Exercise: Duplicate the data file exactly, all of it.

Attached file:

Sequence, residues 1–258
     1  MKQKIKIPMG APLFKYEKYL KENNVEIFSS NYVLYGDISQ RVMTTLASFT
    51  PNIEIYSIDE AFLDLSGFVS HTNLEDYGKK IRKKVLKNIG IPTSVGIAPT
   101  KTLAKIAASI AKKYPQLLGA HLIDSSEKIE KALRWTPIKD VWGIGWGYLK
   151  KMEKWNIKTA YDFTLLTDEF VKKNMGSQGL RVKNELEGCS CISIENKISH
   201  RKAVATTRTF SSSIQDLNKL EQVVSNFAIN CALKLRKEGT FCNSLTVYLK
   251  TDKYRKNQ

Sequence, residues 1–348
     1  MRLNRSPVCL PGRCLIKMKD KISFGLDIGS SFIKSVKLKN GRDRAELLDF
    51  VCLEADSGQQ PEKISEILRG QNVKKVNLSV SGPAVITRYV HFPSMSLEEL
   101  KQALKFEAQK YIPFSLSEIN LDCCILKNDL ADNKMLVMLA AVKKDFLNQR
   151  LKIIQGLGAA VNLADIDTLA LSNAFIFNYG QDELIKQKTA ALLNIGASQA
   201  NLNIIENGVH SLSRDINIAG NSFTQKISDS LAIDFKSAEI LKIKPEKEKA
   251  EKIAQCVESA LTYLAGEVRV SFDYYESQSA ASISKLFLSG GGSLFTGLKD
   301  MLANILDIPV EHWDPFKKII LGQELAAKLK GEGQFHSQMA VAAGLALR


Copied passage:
Sequence, residues 1–258
     1  MKQKIKIPMG APLFKYEKYL KENNVEIFSS NYVLYGDISQ RVMTTLASFT
    51  PNIEIYSIDE AFLDLSGFVS HTNLEDYGKK IRKKVLKNIG IPTSVGIAPT
   101  KTLAKIAASI AKKYPQLLGA HLIDSSEKIE KALRWTPIKD VWGIGWGYLK
   151  KMEKWNIKTA YDFTLLTDEF VKKNMGSQGL RVKNELEGCS CISIENKISH
   201  RKAVATTRTF SSSIQDLNKL EQVVSNFAIN CALKLRKEGT FCNSLTVYLK
   251  TDKYRKNQ

Sequence, residues 1–348
     1  MRLNRSPVCL PGRCLIKMKD KISFGLDIGS SFIKSVKLKN GRDRAELLDF
    51  VCLEADSGQQ PEKISEILRG QNVKKVNLSV SGPAVITRYV HFPSMSLEEL
   101  KQALKFEAQK YIPFSLSEIN LDCCILKNDL ADNKMLVMLA AVKKDFLNQR
   151  LKIIQGLGAA VNLADIDTLA LSNAFIFNYG QDELIKQKTA ALLNIGASQA
   201  NLNIIENGVH SLSRDINIAG NSFTQKISDS LAIDFKSAEI LKIKPEKEKA
   251  EKIAQCVESA LTYLAGEVRV SFDYYESQSA ASISKLFLSG GGSLFTGLKD
   301  MLANILDIPV EHWDPFKKII LGQELAAKLK GEGQFHSQMA VAAGLALR